Chosen by former Harvard president Charles William Eliot to recreate a liberal education, the Harvard Classics Collection contains the essential works of the Western classical tradition. This collection includes works by Homer, Dante, Luther, Milton, Shakespeare, Darwin, and more—51 volumes available on your mobile device. The bundle comprises the 51 Harvard Classics volumes from:
Eliot gathered classic works he felt represented “the progress of man . . . from the earliest historical times to the close of the nineteenth century.” This collection is not meant to resemble a museum display of the world’s best books, but rather a portable university. The volumes approximate courses of study in history, philosophy, literature, and science, substituting primary sources for outdated textbooks.
From Augustine’s Confessions to Cervantes’ Don Quixote, these diverse works share a common theme: progress. The shape of this collection was influenced by Eliot’s great optimism in “the upward tendency of the human race,” and it functions as a cross section of the literary forces which effectively shaped our society. Universally regarded as one of the most comprehensive and best-researched anthologies of all time, this collection covers every major literary figure, philosopher, religion, and historical subject from antiquity through the nineteenth century. The Harvard Classics Collection is a must-have library for lovers of the classics.
The Harvard Classics provided the general reader with a great storehouse of standard works in all the main departments of intellectual activity. To this storehouse the Lectures now open the door. Through the Lectures the student is introduced to a vast range of topics, under the guidance of distinguished professors. The Five-Foot Shelf, with its introductions, notes, guides to reading, and exhaustive indexes, may claim to constitute a reading course unparalleled in comprehensiveness and authority.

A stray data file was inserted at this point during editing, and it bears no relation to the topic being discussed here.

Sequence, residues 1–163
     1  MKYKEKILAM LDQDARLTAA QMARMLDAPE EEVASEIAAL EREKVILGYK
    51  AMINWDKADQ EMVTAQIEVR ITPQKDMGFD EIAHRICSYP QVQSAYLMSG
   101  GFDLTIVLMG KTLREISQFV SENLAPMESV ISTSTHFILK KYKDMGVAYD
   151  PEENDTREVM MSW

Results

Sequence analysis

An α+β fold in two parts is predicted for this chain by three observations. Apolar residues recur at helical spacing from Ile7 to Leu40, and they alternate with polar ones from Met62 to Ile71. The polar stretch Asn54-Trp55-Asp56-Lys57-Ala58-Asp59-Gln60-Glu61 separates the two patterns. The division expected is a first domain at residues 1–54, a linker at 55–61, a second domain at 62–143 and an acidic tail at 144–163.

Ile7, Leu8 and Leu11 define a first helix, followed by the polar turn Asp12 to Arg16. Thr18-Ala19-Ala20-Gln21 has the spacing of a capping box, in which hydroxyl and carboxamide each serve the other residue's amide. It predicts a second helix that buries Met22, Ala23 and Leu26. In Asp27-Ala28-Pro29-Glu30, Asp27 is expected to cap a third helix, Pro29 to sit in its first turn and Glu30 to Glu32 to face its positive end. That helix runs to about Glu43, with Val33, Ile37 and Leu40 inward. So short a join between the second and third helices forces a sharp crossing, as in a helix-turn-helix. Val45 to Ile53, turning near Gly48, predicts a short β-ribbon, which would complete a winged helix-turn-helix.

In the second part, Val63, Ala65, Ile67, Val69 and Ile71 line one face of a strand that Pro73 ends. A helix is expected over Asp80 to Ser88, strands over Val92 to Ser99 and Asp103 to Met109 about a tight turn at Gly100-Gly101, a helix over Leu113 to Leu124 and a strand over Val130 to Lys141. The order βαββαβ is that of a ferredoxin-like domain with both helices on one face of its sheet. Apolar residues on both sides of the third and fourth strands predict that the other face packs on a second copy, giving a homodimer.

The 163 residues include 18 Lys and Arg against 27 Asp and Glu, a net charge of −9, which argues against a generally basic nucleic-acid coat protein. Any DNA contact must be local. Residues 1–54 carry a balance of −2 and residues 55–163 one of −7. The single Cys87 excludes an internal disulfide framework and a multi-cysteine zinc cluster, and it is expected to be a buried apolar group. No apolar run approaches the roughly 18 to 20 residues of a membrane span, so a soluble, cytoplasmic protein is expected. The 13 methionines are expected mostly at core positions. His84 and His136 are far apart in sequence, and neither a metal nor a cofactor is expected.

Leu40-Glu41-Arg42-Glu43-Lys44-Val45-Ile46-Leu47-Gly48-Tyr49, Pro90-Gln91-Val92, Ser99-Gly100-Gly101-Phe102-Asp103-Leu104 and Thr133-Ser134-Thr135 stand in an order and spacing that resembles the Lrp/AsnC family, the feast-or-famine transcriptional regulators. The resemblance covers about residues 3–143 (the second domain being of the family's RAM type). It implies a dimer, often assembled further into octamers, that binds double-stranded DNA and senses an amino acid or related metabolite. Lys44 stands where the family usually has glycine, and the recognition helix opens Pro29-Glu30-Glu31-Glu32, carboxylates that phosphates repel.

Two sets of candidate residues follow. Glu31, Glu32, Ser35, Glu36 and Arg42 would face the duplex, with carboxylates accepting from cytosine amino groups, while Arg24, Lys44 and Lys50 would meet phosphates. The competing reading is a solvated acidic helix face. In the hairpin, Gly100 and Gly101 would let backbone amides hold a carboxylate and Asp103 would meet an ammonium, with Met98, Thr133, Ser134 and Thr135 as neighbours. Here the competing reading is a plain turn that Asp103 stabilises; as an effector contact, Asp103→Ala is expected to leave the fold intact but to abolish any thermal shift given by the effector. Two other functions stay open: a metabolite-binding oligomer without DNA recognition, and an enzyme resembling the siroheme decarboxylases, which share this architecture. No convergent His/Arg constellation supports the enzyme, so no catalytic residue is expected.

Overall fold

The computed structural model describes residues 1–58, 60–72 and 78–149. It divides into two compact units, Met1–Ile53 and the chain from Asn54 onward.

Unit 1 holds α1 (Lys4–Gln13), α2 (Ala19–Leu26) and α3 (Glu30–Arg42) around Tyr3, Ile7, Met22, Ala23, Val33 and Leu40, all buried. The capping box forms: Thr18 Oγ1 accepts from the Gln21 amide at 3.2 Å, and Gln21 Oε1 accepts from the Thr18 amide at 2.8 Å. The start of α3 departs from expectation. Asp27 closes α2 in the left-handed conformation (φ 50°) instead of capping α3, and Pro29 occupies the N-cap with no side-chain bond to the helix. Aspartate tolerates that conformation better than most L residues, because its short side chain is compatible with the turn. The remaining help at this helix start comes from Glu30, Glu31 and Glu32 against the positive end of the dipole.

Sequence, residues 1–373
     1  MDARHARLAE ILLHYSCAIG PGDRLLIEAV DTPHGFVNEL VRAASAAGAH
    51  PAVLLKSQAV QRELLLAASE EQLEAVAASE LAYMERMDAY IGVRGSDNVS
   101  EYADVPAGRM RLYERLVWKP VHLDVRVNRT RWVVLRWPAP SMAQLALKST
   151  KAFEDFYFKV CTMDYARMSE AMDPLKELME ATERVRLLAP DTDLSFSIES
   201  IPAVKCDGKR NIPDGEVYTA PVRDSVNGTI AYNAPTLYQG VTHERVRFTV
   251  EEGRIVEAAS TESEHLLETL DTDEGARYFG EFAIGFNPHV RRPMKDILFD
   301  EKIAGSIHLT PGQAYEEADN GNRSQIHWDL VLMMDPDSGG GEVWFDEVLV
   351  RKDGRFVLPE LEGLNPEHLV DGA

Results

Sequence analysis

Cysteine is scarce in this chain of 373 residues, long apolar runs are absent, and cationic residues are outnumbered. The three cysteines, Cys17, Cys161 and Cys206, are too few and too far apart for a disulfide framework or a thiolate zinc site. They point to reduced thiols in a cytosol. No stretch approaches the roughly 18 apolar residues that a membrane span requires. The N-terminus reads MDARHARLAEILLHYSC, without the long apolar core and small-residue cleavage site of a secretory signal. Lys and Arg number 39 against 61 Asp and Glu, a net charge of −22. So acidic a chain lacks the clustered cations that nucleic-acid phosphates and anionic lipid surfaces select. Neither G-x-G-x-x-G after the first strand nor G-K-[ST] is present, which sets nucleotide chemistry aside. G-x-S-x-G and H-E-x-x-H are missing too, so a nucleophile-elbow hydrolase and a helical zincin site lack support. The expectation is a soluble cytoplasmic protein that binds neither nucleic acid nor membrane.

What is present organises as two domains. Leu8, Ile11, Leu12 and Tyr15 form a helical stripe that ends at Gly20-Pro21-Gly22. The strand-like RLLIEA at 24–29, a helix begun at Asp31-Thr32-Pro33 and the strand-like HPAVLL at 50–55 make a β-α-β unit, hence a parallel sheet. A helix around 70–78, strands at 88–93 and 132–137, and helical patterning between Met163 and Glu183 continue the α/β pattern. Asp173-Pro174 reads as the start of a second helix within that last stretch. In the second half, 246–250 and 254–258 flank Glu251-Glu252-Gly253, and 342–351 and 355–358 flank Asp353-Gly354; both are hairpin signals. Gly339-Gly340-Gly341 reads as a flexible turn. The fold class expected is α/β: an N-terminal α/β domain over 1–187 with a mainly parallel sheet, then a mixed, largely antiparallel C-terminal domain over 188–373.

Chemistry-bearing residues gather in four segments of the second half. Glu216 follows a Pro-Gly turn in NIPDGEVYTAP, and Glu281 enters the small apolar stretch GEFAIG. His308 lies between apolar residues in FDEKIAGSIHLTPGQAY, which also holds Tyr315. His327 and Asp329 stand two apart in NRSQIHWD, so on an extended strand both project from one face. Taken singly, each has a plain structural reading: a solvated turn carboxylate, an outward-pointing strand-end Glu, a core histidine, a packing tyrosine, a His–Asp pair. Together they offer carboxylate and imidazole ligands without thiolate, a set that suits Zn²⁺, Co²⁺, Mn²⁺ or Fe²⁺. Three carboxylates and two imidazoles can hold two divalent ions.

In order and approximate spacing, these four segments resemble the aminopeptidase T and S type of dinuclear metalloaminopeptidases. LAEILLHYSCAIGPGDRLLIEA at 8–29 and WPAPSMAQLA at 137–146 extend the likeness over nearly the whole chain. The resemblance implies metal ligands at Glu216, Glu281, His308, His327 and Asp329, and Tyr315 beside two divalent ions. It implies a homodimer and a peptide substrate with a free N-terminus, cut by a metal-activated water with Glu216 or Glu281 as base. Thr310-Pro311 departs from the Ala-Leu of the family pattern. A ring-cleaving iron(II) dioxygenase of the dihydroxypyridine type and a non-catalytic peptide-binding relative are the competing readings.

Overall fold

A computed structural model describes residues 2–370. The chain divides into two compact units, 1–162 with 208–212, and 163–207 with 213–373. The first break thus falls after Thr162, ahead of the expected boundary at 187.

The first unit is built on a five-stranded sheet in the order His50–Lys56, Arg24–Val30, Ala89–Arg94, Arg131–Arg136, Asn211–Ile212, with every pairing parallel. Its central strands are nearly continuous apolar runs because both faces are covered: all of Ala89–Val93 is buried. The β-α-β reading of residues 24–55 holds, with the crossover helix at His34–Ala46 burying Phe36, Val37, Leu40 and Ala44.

—William Allan Nelson, editor-in-chief, Webster’s New International Dictionary, 1934
The Lecture Series on the contents of The Harvard Classics ought to do much to open that collection of literary materials to many ambitious young men and women whose education was cut short by the necessity of contributing in early life to the family earnings, or of supporting themselves . . . It will certainly promote the accomplishment of the educational object I had in mind when I made the collection.
—Charles W. Eliot, president, Harvard University, 1869
Charles Eliot (1834–1926) was selected as Harvard’s president in 1869 and served the longest term as president in the university’s history. He graduated from Harvard in 1853 and was appointed Tutor in Mathematics there in the fall of 1854. In 1858 he was promoted to Assistant Professor of Mathematics and Chemistry, but the coveted appointment to the Rumford Professorship of Chemistry eluded him. Eliot left Harvard in 1863 and, instead of going into business or finding another teaching position, traveled in Europe for nearly two years, studying the educational systems of the Old World. He took an interest in every aspect of institutional operation, from curriculum and methods of instruction through physical arrangements and custodial services. But his particular concern was with the relation between education and economic growth. During this time abroad, Eliot was offered and declined a superintendent position at the Merrimack Company, one of the largest textile mills in the United States.
Returning home in 1865, Eliot accepted an appointment as Professor of Analytical Chemistry at the newly-founded Massachusetts Institute of Technology. He published his ideas about reforming American higher education in a compelling two-part article in The Atlantic Monthly, the nation’s leading journal of opinion. Harvard had found itself in a crisis of short-term presidents and languishing curriculum, so it turned to Charles W. Eliot. Under his leadership, Harvard began to expand the range of courses offered, permitting undergraduates with unrestricted choice in selecting their courses of study. This enabled them to discover their "natural bents" and pursue them into specialized studies. The university soon became a center for advanced scientific and technological research. During his forty year presidency, the university extended its facilities with laboratories, libraries, classrooms, and athletic facilities. Eliot was able to attract the support of major donors from among the nation’s growing plutocracy, making it the wealthiest private university in the world.